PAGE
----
The automotive world is full of hyperbole, and the words “all new” are often bandied about with only a side glance given to the truth. Not so with the 1956 MGA. In fact, it would be difficult to find another instance in which a new car model was so completely different from its predecessors.
The MGA was officially launched at the Frankfurt Motor Show in the fall of 1955 as a 1956 model. It was a two-seat sports car with an advanced aerodynamic body, featuring front fenders with the fender line sweeping gracefully past the doors and flowing into the rear fenders. The hood and front fascia sloped downward, integrally joining with the front fenders. The trunk (or boot, if you prefer) lid sloped down following the fender line to the rear bumper. All in all it was a thoroughly contemporary look that shared nothing with previous MGs. It was dubbed the ‘A’ because MG believed it to be the first of a new line that was totally different than any other MG.
The MGA replaced the MG T-series that started back in 1936 with the MG TA. The T-series design, which changed little over the years, featured an upright grille, separate fenders and hood, with free-standing headlights and a rear that was defined by an exposed fuel tank. The design was updated with the MG TF by slightly slanting the grille to the rear and mounting the headlights to the front fenders and hood.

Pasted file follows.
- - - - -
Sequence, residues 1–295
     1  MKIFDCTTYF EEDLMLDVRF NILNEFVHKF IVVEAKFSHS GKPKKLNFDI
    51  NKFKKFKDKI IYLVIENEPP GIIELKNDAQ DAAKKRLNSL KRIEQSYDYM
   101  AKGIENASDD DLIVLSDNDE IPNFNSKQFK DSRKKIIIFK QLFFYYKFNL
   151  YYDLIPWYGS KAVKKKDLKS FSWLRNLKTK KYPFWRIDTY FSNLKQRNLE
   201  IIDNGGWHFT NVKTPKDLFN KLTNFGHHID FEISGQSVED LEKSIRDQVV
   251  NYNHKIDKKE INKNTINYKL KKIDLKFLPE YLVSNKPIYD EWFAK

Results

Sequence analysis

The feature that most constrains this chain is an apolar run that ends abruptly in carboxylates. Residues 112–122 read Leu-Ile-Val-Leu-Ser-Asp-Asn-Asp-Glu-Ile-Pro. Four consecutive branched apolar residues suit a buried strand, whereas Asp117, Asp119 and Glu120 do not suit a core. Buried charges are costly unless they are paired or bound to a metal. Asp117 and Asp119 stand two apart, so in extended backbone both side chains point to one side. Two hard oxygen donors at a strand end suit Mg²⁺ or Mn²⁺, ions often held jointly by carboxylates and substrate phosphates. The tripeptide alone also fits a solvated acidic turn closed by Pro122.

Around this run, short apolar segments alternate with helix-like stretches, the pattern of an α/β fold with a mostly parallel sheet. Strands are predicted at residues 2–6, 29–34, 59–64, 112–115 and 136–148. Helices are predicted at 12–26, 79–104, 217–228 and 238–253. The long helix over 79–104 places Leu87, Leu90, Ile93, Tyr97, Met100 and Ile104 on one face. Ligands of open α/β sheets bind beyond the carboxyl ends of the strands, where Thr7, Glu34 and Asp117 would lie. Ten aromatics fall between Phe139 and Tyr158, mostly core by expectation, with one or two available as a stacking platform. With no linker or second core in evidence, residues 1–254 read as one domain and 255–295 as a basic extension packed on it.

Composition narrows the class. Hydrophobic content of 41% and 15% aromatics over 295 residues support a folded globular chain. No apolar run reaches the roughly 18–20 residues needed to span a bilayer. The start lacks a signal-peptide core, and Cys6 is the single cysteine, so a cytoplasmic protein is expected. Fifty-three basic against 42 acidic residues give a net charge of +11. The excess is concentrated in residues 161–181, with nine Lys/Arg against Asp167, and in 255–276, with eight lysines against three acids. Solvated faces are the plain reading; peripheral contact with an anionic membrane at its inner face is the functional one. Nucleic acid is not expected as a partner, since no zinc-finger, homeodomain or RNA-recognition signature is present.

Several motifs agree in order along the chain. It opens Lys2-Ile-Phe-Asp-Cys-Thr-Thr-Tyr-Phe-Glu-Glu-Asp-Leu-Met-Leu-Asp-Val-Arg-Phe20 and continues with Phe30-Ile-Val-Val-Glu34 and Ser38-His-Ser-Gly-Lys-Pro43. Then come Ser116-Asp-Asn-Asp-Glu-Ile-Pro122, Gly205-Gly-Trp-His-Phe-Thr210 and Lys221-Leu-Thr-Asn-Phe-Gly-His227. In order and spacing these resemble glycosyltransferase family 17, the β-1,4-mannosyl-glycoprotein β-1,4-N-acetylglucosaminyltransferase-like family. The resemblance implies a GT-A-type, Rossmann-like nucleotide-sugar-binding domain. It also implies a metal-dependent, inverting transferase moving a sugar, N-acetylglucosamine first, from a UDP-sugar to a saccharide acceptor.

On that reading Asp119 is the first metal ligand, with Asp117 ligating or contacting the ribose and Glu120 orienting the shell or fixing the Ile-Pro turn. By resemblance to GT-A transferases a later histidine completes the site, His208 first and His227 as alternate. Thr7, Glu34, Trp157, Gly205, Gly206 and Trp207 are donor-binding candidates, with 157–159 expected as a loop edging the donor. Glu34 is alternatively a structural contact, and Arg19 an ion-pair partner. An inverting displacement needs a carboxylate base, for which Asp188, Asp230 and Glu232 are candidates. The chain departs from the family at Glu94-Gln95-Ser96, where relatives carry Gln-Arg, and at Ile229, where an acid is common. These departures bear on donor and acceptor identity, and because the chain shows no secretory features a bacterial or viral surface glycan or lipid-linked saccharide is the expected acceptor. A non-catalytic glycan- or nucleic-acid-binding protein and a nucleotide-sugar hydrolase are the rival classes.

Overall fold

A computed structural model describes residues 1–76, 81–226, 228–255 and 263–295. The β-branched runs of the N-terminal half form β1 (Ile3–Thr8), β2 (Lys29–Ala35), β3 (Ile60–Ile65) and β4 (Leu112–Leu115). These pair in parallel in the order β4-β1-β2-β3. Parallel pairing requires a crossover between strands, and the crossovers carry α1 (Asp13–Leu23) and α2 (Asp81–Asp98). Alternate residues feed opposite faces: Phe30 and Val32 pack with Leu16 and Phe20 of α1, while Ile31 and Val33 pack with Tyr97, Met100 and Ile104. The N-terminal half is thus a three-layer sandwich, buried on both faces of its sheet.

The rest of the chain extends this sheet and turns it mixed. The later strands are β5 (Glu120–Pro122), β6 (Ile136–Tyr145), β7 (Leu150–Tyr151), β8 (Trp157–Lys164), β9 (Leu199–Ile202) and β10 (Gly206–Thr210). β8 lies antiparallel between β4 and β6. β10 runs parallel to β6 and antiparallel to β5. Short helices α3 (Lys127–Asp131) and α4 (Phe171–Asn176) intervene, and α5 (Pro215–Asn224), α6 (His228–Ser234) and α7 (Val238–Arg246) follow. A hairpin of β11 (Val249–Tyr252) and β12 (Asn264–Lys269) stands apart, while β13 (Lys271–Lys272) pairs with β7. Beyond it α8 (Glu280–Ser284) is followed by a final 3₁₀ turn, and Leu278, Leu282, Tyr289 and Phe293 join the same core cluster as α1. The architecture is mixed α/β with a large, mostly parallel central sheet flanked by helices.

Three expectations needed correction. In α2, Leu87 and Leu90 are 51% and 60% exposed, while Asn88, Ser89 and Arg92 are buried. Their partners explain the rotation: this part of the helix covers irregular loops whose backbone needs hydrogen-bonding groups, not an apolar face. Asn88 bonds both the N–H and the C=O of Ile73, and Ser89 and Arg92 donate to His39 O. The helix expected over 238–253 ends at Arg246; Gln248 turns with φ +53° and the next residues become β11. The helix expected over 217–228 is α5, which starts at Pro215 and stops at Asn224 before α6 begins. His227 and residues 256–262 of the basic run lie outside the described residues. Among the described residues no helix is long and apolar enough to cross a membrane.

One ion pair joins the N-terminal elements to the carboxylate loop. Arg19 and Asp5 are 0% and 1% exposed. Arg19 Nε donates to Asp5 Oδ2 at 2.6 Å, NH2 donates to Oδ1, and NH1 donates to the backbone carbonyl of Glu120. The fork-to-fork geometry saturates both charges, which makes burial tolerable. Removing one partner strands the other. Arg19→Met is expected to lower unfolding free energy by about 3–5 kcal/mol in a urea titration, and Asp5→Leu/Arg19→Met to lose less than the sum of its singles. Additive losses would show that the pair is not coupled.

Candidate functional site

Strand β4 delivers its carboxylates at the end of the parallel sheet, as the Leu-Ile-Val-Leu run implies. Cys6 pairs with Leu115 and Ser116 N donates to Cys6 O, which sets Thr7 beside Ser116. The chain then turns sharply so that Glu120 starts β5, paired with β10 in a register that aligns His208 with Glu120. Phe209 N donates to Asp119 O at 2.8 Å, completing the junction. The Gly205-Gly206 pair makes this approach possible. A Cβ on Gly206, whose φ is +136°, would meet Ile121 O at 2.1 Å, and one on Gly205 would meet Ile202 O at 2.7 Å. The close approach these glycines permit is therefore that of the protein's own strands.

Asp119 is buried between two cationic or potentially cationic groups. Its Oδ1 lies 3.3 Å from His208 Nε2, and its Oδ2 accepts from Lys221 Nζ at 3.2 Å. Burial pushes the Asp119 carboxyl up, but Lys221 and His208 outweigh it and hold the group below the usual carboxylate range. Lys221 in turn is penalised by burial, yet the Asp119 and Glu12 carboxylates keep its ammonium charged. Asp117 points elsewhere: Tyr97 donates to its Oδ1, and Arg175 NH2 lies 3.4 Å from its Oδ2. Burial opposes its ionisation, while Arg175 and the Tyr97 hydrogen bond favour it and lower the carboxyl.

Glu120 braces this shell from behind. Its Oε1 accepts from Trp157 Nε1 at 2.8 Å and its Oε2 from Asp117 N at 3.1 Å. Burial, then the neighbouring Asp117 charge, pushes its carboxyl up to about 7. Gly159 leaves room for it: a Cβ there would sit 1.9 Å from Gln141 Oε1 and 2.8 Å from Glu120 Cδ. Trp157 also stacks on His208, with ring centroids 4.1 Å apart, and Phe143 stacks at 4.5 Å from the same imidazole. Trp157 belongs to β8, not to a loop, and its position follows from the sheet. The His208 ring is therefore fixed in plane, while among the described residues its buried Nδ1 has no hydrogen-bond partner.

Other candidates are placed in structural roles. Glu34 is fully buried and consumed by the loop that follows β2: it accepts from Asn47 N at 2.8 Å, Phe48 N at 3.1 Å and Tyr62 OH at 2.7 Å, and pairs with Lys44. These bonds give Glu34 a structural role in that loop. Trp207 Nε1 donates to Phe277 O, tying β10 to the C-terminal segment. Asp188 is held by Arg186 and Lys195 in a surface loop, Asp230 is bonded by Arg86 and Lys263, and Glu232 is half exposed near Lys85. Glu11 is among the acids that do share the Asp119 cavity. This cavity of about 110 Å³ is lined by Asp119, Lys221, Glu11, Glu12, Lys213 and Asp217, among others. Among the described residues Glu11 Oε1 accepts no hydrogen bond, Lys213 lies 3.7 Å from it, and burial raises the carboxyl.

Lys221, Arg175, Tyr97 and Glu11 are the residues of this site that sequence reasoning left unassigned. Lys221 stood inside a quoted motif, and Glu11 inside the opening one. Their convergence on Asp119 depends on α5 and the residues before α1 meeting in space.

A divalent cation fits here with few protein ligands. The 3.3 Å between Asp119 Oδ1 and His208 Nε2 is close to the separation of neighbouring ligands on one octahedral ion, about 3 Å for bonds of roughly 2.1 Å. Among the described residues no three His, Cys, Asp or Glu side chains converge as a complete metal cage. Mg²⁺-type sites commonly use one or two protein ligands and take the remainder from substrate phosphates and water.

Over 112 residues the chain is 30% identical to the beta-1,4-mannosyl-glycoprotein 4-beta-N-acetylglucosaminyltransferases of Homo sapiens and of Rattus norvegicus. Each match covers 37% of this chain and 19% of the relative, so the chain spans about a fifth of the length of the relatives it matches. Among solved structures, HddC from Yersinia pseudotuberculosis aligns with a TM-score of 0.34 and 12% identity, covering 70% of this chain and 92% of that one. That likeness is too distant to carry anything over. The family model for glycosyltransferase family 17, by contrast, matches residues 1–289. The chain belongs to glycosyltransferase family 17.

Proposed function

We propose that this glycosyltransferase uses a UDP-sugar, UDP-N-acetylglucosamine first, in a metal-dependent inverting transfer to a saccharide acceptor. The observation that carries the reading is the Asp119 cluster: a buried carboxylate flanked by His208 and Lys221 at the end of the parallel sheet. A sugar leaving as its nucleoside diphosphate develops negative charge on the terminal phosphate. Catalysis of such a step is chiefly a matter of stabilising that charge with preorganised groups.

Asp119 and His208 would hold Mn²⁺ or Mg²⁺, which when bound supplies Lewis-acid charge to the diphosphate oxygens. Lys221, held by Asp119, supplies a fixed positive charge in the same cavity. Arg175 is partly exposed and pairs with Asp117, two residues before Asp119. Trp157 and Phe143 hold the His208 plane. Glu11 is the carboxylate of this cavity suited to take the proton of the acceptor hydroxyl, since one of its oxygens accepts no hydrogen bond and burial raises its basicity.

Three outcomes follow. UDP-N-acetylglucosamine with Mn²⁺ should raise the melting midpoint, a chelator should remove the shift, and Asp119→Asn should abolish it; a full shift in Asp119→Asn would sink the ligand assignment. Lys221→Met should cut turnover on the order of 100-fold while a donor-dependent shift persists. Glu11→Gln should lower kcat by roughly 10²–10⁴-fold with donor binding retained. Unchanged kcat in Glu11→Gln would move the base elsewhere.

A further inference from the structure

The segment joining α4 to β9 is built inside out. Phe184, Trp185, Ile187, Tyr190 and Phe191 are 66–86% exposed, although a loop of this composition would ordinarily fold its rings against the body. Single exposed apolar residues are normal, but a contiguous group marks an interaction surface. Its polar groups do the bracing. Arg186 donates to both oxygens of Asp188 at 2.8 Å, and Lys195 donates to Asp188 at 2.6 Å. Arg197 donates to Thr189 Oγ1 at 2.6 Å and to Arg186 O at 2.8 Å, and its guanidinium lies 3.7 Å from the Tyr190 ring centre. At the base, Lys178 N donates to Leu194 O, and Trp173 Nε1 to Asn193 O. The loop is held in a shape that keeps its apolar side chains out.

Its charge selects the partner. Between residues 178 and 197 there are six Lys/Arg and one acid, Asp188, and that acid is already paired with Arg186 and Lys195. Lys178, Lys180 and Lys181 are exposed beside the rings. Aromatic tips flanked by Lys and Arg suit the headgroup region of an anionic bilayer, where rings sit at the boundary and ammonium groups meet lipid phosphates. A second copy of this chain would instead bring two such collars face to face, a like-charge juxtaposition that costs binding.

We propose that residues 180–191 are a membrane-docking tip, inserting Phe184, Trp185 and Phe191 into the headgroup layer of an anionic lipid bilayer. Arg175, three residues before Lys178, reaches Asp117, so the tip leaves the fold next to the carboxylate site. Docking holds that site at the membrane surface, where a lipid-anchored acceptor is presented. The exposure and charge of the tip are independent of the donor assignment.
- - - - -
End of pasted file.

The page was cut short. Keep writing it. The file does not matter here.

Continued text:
The MGA had the new B-series 1,498 cc, 4-cylinder engine with twin SU carburetors that produced 68 horsepower at 5,500 rpm. A four-speed manual transmission with synchromesh on the top three gears was the only transmission available.
MG continued the use of separate body and frame construction, with the A having a steel body and aluminum door skins, trunk lid and hood. Not all of their construction techniques were state-of-the-art, however – the floorboards were made from painted 3/8-inch plywood.
MG sold 13,394 As in 1956, a huge increase over the 3,400 MG TFs sold in 1955. Produced with continuing upgrades until 1962, the MGA was a fun, reliable sports car that introduced many to the real pleasures of driving.
Photo by Spanish Coches